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Cuban Missile Crisis 1962 – how close we came to World War 3

World War 3: How ‘Armageddon Letter’ brought world within minutes of nuclear conflict  https://www.express.co.uk/news/world/1153499/world-war-3-cold-war-us-soviet-union-kennedy-khrushchev-cuban-missile-crisis-spt 

WORLD WAR 3 would have almost certainly started had it not been for the bold decisions of world leaders on what would come to be known as Black Saturday.

By CALLUM HOARE, Jul 15, 2019 Most historians agree the Cuban Missile Crisis was the closest the world has come to full-scale nuclear war. The two-week standoff in 1962 erupted when the Soviet Union responded to a US missile deployment in Turkey and Italy a year earlier by sending their own weapons to Cuba – just miles from the US state of Florida. US President John F. Kennedy sent U-2 spy planes to the Caribbean island, which produced clear photographic evidence of the arrival of medium-range (SS-4) and intimidate-range (R-14) ballistic missiles.

He immediately announced the US would not permit offensive weapons to be delivered and created a blockade in the surrounding waters until the missiles were dismantled and returned to the Soviet Union.

The tense situation then snowballed out of control as the Kremlin traded words with the White House and the prospect of war looked increasingly likely.

“The United States may find it necessary within a very short time in its interest and that of its fellow nations in the Western Hemisphere to take whatever military action may be necessary.”

On October 27 – remembered as Black Saturday by the White House – Khrushchev received a letter from Castro known as the Armageddon Letter, which was interpreted as urging the use of nuclear force in the event of an attack on Cuba.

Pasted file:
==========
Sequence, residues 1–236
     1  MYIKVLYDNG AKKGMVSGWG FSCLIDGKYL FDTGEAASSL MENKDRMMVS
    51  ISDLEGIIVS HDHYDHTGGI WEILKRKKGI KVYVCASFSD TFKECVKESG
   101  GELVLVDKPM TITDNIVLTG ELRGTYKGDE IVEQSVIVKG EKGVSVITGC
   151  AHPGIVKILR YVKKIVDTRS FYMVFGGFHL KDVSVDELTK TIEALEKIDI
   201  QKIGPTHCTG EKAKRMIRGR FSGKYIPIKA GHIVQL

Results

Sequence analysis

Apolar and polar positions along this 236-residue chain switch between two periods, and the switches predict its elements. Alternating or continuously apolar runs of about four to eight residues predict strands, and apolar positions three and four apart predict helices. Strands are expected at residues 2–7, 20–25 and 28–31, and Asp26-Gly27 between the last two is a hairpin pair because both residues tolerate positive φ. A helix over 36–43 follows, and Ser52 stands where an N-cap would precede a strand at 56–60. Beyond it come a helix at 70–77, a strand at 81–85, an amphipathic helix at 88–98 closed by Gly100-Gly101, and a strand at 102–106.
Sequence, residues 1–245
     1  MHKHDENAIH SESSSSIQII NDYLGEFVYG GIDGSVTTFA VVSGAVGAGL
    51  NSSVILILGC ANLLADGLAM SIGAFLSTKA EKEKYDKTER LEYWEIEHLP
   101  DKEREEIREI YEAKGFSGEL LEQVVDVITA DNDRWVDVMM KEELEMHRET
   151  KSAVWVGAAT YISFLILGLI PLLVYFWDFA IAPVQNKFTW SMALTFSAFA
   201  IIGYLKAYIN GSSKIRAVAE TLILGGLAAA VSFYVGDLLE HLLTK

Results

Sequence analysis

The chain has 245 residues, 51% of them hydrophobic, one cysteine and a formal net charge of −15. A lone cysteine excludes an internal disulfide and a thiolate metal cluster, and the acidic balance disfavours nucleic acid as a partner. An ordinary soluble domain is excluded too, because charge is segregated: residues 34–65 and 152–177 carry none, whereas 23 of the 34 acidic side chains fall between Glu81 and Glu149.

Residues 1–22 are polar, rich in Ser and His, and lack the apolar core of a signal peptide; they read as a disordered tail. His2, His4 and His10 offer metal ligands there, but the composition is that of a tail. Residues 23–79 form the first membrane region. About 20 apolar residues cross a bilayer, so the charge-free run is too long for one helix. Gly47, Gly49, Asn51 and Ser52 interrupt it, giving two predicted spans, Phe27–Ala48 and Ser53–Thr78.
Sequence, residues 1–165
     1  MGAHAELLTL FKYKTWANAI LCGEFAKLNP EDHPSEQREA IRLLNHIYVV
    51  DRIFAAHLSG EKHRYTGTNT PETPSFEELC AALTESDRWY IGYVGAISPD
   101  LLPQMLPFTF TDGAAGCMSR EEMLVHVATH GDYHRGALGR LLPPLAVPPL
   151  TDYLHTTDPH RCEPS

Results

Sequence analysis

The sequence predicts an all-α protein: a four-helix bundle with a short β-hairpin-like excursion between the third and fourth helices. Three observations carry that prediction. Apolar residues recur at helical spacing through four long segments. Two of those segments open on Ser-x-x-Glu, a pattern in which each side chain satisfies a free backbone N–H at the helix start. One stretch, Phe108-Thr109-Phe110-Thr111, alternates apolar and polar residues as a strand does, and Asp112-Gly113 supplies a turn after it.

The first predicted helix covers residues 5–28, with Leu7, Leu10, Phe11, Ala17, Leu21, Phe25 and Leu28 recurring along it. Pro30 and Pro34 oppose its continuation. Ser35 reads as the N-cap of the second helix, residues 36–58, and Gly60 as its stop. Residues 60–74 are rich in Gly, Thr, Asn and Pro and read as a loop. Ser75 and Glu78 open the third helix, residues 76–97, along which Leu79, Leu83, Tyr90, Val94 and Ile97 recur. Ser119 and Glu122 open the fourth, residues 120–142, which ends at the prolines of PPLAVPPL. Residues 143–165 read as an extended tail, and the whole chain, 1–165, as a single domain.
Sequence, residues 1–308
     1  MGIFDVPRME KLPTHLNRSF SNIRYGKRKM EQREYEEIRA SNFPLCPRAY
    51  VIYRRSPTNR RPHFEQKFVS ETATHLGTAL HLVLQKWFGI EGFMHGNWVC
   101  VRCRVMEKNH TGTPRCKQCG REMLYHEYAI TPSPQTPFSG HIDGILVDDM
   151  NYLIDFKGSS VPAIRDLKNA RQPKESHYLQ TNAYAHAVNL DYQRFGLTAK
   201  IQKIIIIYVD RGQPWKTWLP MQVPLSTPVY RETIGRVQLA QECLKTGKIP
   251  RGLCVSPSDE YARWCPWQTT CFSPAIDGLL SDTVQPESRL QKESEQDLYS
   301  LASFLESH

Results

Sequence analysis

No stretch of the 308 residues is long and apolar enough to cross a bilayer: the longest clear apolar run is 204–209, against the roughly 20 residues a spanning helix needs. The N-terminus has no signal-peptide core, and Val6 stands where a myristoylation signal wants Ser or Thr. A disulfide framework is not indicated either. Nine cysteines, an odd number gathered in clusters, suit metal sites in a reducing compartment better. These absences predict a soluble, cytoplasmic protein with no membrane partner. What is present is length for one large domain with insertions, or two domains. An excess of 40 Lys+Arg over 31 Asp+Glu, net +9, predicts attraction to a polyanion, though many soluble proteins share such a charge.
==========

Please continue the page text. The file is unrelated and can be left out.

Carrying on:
It read: “I believe the imperialists’ aggressiveness is extremely dangerous and if they actually carry out the brutal act of invading Cuba in violation of international law and morality, that would be the moment to eliminate such danger forever through an act of clear legitimate defence, however harsh and terrible the solution would be.”

Later that day, the US Navy dropped a series of “signalling depth charges” on a Soviet B-59 submarine unaware it was armed with a nuclear-tipped torpedo.

As the submarine was too deep to monitor any radio traffic,  the captain, Valentin Grigorievitch Savitsky, decided that a war might have already started and wanted to launch a nuclear torpedo.

The decision to launch these required the agreement of all three officers on board, but one of them – Vasily Arkhipov –  objected and so the nuclear launch was narrowly averted.

On the same day, a US Air Force U-2 spy plane was struck by an S-75 Dvina surface-to-air missile launched from Cuba, downing the jet and killing the pilot.

Kennedy had earlier claimed he would order an attack on such sites if fired upon, but he decided not to act unless another attack was made.

It was later learned discovered the move was spearheaded by Raul Castro, brother to the communist leader.

Kennedy finally decided to bring the situation to an end by secretly agreeing to remove all missiles in Turkey and possibly Italy too, in exchange for Khrushchev removing all missiles in Cuba.

However, at this point, Khrushchev knew things the US did not.

First, that the shooting down of the U-2 by a Soviet missile violated direct orders from Moscow, and Cuban antiaircraft fire against other US reconnaissance aircraft also violated direct orders from Khrushchev to Castro.

Second, the Soviets already had 162 nuclear warheads on Cuba that the US did not then believe were there as well as scores of nuclear-tipped subs.

Third, the Soviets and Cubans on the island would almost certainly have responded to an invasion by using those nuclear weapons.

The Soviet leader knew he was losing control and came out of the incident with his pride in check.

July 15, 2019 - Posted by | 2 WORLD, history, Reference

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